Also, what is so great about Phonogram: The Singles Club #7 is the foreshadowing that Kieron Gillen slipped in back in issue three when Kohl told Emily Aster that Kid-with-Knife’s high energy came up from being hopped up on a TV on the Radio song. And he and McKelvie conclude the issue by showing the indie club night from his perspective featuring intense grids, speech bubbles with symbols and not words, and one beautiful splash page. Kid is so “in the zone” that his perception has become more primal than boring, old human speech, and he’s like the werewolf in the song. (See his face as he digs into that kebab.) There are no conversations: just shots, dancing, and bright lights. I think that the use of symbols instead of text in dialogue bubbles is actually an ingenious way of showing how difficult it is to have conversations at the crowded bar or dance floor area at a club as Kid starts with retelling his pre-club shenanigans, but ends up just ordering a round of shots and dancing with Kohl and Aster. McKelvie cuts together lots of panels, and it ends up being a montage of fun moments from the previous six issues.

Phonogram: The Singles Club #7

However, the conclusion of The Singles Club #7 and the miniseries as a whole is truly magical as the last bits of “Wolf Like Me” start to fade out, and Kid-with-Knife sees Penny B dancing to “Pull Shapes”. In the first issue, she had ended up dancing on her own and just enjoying her favorite song, but now Kid is in the double-page splash and offers his hand. It’s one of Jamie McKelvie’s and Matthew Wilson’s most beautiful pages as Penny is just caught up in the music with stars, precise dance moves, and frosted colors. But, then, Kid joins the dance, their energy matches each other in a rhythmic six-panel grid that erupts into them sleeping together. In a clever bit of storytelling, McKelvie syncs the sex scene to the “We’re howling forever” bit at the end of the song and frames it in the letters of the lyrics. Its passion, chemistry, and great design sense all rolled into one as Kid-with-Knife and Penny B truly become one with this great song.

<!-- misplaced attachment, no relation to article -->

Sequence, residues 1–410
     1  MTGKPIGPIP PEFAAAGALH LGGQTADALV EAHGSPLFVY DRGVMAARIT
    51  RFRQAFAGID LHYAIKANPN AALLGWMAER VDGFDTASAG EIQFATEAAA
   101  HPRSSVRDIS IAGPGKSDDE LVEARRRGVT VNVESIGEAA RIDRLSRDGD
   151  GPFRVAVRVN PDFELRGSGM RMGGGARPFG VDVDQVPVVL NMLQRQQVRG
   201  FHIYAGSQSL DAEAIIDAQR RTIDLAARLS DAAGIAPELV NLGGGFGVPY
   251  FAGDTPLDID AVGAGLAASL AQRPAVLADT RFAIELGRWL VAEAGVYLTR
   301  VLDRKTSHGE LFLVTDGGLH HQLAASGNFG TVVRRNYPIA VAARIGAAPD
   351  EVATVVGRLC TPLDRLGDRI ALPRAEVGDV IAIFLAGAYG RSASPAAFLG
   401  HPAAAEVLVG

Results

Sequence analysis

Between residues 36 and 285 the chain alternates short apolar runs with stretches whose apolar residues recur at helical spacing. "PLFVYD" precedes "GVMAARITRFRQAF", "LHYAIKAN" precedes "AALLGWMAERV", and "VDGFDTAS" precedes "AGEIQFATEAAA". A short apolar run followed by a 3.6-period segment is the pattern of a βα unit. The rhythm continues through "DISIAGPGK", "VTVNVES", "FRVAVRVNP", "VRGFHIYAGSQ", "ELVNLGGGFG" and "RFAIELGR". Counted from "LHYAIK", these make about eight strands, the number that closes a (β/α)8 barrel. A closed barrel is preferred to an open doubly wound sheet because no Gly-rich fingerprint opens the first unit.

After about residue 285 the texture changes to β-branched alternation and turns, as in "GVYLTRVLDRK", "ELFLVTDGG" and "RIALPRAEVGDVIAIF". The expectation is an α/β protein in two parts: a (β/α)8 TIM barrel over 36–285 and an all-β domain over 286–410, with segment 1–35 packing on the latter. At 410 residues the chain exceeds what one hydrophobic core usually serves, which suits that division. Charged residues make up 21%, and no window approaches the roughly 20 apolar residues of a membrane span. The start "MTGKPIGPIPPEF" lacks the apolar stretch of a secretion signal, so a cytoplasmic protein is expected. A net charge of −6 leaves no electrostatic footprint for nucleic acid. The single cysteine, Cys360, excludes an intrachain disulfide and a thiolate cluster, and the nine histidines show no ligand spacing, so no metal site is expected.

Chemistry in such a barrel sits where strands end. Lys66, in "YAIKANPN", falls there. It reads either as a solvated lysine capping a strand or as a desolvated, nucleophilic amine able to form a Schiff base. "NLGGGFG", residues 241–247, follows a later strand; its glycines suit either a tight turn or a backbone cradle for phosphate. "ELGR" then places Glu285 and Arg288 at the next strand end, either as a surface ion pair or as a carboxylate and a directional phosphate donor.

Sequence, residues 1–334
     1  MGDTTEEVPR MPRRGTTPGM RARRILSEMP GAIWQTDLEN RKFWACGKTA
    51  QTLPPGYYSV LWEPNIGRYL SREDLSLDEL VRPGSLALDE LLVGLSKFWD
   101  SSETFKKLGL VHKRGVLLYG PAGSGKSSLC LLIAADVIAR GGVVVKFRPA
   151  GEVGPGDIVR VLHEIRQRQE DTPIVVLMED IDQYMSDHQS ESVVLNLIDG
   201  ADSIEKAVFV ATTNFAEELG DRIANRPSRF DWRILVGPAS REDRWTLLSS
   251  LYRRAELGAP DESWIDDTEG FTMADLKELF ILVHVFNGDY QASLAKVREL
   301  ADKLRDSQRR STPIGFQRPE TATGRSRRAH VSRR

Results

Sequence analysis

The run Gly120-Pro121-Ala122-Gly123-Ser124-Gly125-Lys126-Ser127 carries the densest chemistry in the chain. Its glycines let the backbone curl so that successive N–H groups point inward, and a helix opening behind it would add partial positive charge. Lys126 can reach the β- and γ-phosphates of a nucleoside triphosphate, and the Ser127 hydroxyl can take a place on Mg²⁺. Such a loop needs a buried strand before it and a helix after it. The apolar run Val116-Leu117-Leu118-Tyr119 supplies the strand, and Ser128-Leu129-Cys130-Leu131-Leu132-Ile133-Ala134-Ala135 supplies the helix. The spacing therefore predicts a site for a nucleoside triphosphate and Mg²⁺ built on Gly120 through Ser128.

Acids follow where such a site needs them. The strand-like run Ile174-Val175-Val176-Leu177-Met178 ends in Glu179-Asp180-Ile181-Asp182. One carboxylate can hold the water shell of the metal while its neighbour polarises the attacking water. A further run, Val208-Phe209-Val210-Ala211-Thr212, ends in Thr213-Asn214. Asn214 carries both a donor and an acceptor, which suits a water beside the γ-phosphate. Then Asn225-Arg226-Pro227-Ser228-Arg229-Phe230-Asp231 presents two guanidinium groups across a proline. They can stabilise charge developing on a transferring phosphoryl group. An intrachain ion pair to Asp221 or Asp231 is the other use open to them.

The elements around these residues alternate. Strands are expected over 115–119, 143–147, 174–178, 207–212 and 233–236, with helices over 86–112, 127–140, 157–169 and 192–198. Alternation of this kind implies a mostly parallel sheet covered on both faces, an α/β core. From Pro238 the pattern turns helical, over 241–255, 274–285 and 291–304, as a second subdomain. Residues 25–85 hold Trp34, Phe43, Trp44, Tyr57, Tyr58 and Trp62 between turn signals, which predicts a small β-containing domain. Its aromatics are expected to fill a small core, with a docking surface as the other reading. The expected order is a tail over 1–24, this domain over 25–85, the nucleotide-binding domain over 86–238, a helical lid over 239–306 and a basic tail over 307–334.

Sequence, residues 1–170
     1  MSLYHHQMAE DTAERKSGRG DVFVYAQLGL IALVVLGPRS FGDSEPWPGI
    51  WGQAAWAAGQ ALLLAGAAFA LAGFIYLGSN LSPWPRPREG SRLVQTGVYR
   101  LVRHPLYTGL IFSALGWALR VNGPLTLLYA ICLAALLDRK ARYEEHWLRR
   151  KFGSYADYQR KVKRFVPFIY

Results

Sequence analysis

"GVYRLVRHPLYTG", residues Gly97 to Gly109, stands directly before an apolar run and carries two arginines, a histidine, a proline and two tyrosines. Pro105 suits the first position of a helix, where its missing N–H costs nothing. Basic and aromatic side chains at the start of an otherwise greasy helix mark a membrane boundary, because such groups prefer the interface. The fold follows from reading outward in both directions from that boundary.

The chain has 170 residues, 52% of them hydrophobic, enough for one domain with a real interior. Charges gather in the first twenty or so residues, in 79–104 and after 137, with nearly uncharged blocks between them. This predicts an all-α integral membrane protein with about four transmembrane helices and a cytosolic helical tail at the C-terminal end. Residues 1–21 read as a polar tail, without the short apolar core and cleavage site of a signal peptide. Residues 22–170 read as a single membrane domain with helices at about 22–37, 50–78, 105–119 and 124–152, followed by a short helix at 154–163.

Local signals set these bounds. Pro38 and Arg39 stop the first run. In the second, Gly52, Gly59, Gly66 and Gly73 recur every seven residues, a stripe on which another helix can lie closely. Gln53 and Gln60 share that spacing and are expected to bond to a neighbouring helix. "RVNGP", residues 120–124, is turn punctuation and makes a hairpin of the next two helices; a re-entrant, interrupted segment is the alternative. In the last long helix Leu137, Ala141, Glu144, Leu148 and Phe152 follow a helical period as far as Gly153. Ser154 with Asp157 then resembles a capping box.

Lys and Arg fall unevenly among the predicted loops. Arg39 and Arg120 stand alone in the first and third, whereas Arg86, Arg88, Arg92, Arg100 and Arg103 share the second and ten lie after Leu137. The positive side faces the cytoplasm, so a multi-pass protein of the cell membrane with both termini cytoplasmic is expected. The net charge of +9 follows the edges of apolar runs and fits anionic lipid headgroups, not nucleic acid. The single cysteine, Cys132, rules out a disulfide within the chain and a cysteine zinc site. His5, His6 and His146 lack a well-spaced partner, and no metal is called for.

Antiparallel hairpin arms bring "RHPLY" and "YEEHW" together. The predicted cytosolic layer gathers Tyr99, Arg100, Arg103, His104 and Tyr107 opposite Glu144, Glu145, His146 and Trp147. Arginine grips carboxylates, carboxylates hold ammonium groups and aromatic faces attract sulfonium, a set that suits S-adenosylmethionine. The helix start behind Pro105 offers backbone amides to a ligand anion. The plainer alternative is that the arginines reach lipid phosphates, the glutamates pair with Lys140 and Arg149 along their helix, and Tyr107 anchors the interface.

The main bit of symmetry in Phonogram The Singles Club #7 is definitely the return of Penny B to a prominent role and finally finding someone to dance and have a good time with after the tribulations of the first issue. However, both The Singles Club and Rue Britannia end up with a man and woman in bed together. In Rue Britannia, it’s Beth remembering an old Manic Street Preachers song after she was unable to enjoy music for a while whereas in The Singles Club, it’s Kid-with-Knife and Penny B having a moment of reflection after connecting over the feelings that music gives them. Being a phonomancer, Penny is slightly analytical about the moment while Kid (With a sheepish grin on his face) is content to say, “I don’t know. You tell me.” Unlike Kohl, Aster, Lloyd or the other phonomancers we run into in the comic, Kid-with-Knife finds a song he like and literally runs with it for a full issue with no asides about their subtext (Although, “Wolf Like Me” is definitely about sex.), influences, or anecdote from his past about why he is super obsessed with a band.

What I love about Phonogram The Singles Club other than the masterful silent storytelling from Kieron Gillen, Jamie McKelvie, and Matthew Wilson is that it opens the gates of being a phonomancer to everyone. You don’t have to be a hipster or an indie snob or make zines and grimoires, you just have to be emotionally moved by music. And this can lead to physical movement like what Kid-with-Knife got up to in the issue. This song can be in any genre: you just have to deeply connect with it. And that’s really what Phonogram The Singles Club is all about. It’s a saga of connecting or disconnecting with other folks at indie night at a club with pop and indie music as a backdrop. And, thankfully, it ends with two people finding each other via a song. Beautiful stuff, really!